- In "Mexican Joyride", Daffy uses this on a raging bull. The bull, oblivious that he's arguing with Daffy himself, insists that the black duck is hiding under the Mexican hat lying on the ground. Daffy initially states that Daffy isn't under the hat, then uses this trope to make the bull insist so, even making a large bet to this effect. The bull then proceeds to lift the hat, and sure enough, Daffy is there, somehow.
- Bugs and Michael Jordan win an argument with Marvin the Martian this way in one of the Air Jordan commercials that predated Space Jam.
- And then finally Subverted in the Revival film Looney Tunes Back in Action when Daffy leaves Warner Bros. and Bugs and Elmer are forced to do this routine without him. It doesn't go well for Bugs.
Elmer: Rabbit Season!
- In the Johnny Bravo Christmas Special, Suzy pulls this trick on Johnny, and tells him, "I just Bugs-Bunnied you!"
- A non-verbal variation of this trope happens in the Donald Duck cartoon Lighthouse Keeping. A pelican keeps blowing out the candle in a lighthouse's light, and Donald promptly re-lights it. After a few rounds of this, the pelican takes the lighter from Donald and re-lights the candle, causing Don to blow out the candle.
- Used by Baby Bugs in Baby Looney Tunes (in a direct reference to "Rabbit Fire").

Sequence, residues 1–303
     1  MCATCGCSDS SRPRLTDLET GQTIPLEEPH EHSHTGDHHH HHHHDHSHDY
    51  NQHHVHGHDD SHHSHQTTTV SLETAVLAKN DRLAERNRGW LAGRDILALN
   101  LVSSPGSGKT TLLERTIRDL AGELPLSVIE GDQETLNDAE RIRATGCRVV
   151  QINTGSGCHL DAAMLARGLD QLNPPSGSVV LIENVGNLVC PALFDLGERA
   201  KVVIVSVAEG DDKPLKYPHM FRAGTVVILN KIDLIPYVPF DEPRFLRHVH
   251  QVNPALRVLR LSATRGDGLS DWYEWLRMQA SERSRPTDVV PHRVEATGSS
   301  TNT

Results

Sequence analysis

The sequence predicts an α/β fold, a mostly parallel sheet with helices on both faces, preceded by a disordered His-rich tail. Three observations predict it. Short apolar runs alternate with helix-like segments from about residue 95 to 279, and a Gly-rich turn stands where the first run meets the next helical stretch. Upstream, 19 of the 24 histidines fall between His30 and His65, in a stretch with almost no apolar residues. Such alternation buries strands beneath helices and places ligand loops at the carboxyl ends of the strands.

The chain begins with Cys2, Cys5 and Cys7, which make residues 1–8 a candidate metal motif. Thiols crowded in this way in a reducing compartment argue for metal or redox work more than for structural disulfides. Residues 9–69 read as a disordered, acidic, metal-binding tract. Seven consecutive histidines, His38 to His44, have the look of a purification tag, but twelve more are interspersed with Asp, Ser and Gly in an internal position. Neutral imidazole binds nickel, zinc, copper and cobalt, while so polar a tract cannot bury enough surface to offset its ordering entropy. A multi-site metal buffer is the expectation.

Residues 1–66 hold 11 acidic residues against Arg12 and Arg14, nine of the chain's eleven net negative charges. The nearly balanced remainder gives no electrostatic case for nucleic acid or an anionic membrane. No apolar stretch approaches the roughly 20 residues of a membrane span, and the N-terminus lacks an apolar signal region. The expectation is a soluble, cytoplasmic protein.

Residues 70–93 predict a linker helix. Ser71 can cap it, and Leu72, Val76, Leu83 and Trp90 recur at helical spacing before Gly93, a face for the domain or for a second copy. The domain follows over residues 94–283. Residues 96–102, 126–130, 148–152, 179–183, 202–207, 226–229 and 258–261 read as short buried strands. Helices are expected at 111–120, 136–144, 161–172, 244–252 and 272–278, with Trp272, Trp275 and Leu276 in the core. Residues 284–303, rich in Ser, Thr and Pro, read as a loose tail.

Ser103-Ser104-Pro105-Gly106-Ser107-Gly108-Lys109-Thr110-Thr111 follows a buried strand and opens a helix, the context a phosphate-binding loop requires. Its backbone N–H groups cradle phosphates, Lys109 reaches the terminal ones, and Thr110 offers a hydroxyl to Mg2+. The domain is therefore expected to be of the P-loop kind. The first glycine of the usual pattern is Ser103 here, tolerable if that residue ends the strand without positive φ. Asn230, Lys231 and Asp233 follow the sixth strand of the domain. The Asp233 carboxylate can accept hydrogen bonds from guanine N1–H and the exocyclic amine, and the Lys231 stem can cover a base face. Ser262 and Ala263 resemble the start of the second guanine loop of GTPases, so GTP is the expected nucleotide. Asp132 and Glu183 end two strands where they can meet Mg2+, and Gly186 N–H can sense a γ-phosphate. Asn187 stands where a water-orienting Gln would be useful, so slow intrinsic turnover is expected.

Baby Daffy: Hmm... I'd better remember that trick in case he tries it on me again someday.
- Used by Ace Bunny (Bugs' 27th century descendant) in the first episode of Loonatics Unleashed.
- This is done in Hey Arnold, when in a dream, Helga tricks Arnold into marrying her this way.
- Happens at the end of an episode of Mummies Alive! as an argument over who/what was more important in saving the day:
- A discussion between Tigger and Piglet on a Winnie the Pooh animated series went through one of these reversals on whether a story was taking place at dawn or midnight. (For some reason, it wound up on "Evening" after this reversal.)
- One episode of Tom and Jerry did it silently. It involved a lit firecracker being handed off.
- It's even better than that. Tom and Jerry were both frantically shoving the firecracker to each other before Jerry grabs the firecracker from Tom. Then they start stealing the explosive from each other (instead of doing something sensible like pinching out the fuse), with Tom (naturally) ending up with it.
- In another cartoon, Tom and Spike are fighting over who gets to stay and who has to leave. At one point Tom sadly packs up a Bindle Stick and heads to the door. He shakes (right) hands with Spike, then hands Spike the bindle and shakes (left) hands, taking Jerry in the process, before patting Spike on the shoulder and gently ushering him out the door. Spike is halfway out of the yard when he realizes what happened and his head turns into a jackass.